In our hyper-connected world, where our deepest, darkest feelings are a tweet away, what’s the next step in deepening our connection to people we love? In Crosstalk, Connie Willis imagines something called an EED (“Empathy Enhancing Device”?), a surgical procedure that enhances your empathic link to your partner. When Briddey Flannigan’s partner Trent suggests they undergo the procedure so that she may feel the depth of his love when he proposes, she sees it mostly as a minor hurdle that she’ll need to hide from her nosy and intrusive family. Unfortunately, the side effect is much worse than even her family imagines. Rather than connecting emotionally to Trent, Briddey seems to have developed a telepathic link to C.B. Schwartz, a nerdy and reclusive co-worker who stays mostly in his basement office and away from other people. Not only can they sense each other’s emotions, they can also hear each other’s thoughts, and Briddey worries about what this may do to her and Trent’s relationship.
Willis does a great job of setting up a world that’s basically like a jacked up version of ours. I’m on social media often and have a bad habit of checking and answering emails on my mobile during my lunch break, but even I was overwhelmed by the hyper-connectivity of Briddey’s world. She seems to get thousands of text messages, calls, emails and social media alerts every minute, and her family members panic if she doesn’t respond to their (non-emergency) crises immediately. Briddey, Trent and C.B. all work for a technology company racing against the clock to develop something that will rival the next generation iPhone. Tech giants trying to find a way to increase communication, while all too easy to imagine in the real world, seemed a nightmare scenario in Crosstalk. The first few chapters of this book felt almost claustrophobic with the incessant barrage of electronic chatter, and I almost wanted to run to C.B.’s basement office myself, since it apparently is impossible to get a signal there.
Given this kind of world, the EED does seem like a logical next step for romantic partners, and I laughed at Willis’ recounting of how various celebrity couples responded to the procedure. It’s not necessarily something I’d do myself, but it seems almost tame compared to the telepathy that Briddey ends up having. Telepathy can seem like an awesome superpower, but only if you can choose when to tune in. Willis does a great job in showing how nightmarish it can be to hear someone’s unfiltered thoughts, and I loved the part where Briddey trains herself to control her telepathy by imagining a radio where she can switch between stations.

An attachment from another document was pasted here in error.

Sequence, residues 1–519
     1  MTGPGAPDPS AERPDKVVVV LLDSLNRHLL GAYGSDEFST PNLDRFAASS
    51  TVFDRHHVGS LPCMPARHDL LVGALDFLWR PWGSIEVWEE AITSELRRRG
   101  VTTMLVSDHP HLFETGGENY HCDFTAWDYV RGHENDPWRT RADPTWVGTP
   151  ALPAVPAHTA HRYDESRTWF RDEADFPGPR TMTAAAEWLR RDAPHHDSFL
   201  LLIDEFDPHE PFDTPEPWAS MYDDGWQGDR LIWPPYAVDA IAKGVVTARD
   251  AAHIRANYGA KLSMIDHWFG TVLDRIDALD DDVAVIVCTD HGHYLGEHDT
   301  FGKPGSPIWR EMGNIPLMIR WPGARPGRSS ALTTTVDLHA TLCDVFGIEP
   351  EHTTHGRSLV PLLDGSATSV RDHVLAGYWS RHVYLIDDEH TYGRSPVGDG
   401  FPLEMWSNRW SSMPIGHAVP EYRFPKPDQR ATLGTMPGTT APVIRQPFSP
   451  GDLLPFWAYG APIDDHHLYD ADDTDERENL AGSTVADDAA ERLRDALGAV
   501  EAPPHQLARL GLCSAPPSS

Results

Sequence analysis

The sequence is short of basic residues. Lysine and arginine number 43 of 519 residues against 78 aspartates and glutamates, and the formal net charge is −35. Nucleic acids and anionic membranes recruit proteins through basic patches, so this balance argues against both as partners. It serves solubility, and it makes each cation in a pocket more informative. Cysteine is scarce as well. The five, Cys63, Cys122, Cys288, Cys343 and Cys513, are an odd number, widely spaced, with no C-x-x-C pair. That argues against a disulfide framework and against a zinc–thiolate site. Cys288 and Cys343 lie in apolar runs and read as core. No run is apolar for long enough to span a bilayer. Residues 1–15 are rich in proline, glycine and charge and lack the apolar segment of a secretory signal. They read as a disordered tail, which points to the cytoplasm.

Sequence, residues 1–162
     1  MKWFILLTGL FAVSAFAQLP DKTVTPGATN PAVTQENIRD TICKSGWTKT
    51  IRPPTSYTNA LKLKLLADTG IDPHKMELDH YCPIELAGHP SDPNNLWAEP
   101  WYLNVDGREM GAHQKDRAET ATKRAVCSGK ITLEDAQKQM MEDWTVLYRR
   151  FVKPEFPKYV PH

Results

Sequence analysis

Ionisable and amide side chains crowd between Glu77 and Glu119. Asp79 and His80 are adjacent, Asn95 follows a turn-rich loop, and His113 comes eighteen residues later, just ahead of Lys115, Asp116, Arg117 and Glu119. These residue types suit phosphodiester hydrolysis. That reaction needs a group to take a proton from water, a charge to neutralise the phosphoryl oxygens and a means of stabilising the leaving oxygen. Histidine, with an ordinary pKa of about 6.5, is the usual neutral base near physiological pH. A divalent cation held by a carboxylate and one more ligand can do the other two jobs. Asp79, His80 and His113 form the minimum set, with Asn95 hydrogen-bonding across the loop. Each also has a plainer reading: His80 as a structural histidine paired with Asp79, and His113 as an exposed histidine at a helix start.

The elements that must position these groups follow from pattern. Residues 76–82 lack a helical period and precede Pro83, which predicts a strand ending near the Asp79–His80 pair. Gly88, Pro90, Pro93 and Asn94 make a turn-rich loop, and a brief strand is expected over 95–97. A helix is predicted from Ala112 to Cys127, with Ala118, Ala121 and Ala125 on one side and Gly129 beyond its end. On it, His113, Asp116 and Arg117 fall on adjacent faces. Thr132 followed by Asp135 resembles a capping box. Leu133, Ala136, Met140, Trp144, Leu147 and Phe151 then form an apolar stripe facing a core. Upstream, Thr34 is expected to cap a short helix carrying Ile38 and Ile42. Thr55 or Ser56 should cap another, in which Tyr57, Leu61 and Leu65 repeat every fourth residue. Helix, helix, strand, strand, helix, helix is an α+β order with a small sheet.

The story flags in its pacing, particularly in the first half of the book. Despite conversations flying at the speed of thought, the book felt repetitive at times, and I was really frustrated by Briddey’s unwillingness to act. For example, she hesitates from telling her doctor or Trent about what went wrong, instead pretending that the surgery had no effect on her. C.B. is even more annoying; every time Briddey considered telling the truth, he’d intrude on her thoughts and scare her out of it. There was a point where if C.B. had turned out to be an evil mastermind stalker who sabotaged Briddey’s surgery, I wouldn’t have been surprised; he was that intrusive and controlling. Worse, at least from a storytelling standpoint, he was also a one-note messenger, which just really boring after a while, and I wanted Briddey to just blurt out the secret despite him. Trent was no better. He was so distressed about the EED not working, and refusing to propose marriage until it did, that I began to wonder if he even loved her, and I also wondered why Briddey hasn’t just dumped him already. All of this annoying behaviour does make more sense as the story goes on, but you have to get to the 30% or so mark before something finally happens to move things along.
The final 70% of the book is a lot more fast-paced and entertaining. It veers away somewhat from the satirical edge of the first third of the book, and its science seems a bit more tenuous, but it makes up for this in sheer entertainment value. Relationships slowly but surely show some development, and some minor characters turn out to have much larger significance. Despite some slow and annoying parts, Crosstalk is a fun read overall, and a rather dire look at where too much connectivity can get us.
Thank you to Penguin Random House Canada for an advance reading copy in exchange for an honest review.